I used to dream of writing full-time when my kids were younger and dealing with day-care, sitters and the like was a constant hassle. Now that they're in college, I find I don't really have that dream anymore. Not to say that I don't want to make a good living at writing, mind you, but if I gain that by doing what I'm doing now, something must be working. Don't fix what ain't broke.

And if I don't gain publication by doing what I'm doing now, I still gotta eat so it comes down to the same thing: Don't fix what ain't broke.

Shadow_Ferret
07-16-2008, 06:35 PM
So here's another question: Do you find having a day job help your writing (turning your imagination loose at the end of a long work day)?

Many people dream of quitting their jobs and write full-time. But is it really the best? To those who are writing full-time, do you find it more difficult now than when you had a day job?
*looks around to see if anyone is listening*

To be honest, during slow periods, breaks, and at lunch, I write at work. I find that the boredom of what I do is the impetus to get me to write my fiction.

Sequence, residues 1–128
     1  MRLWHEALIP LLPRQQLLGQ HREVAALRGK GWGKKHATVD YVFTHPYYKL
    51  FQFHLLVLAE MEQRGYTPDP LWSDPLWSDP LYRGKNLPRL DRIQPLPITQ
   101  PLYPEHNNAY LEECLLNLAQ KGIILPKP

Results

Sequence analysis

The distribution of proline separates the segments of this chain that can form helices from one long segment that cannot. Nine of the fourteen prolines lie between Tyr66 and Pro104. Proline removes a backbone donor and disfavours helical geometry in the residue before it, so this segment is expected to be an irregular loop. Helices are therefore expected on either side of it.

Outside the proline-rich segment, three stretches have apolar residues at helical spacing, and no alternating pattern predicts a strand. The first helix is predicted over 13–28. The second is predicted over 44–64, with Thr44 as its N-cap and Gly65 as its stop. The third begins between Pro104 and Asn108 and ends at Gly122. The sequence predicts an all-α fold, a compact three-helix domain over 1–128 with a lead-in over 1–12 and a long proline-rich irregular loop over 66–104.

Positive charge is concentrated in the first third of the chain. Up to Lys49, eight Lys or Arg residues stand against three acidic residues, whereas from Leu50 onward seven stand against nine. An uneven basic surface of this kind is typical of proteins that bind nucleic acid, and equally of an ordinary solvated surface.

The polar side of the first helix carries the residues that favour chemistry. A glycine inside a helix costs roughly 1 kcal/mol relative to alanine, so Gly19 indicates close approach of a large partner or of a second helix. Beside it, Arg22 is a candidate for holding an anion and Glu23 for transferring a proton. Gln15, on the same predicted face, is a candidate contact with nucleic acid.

I fear if I quit my job and attempted to make fiction writing full-time, that I wouldn't have the discipline. I'd find too many other distractions at home and I'd never get anything done.

Work is good for my fiction. :)

Claudia Gray
07-16-2008, 06:44 PM
I have a writing-related day job, but the writing is usually not very creative -- it's far more technical. So I find that I still have the creative energy to work at the end of the day or on the weekends.

That said, it's also a high stress job, so sometimes I come home and just have to veg. I hate taking the time away from writing, but OTOH, sometimes you have to recharge.

Hobbes
07-16-2008, 06:45 PM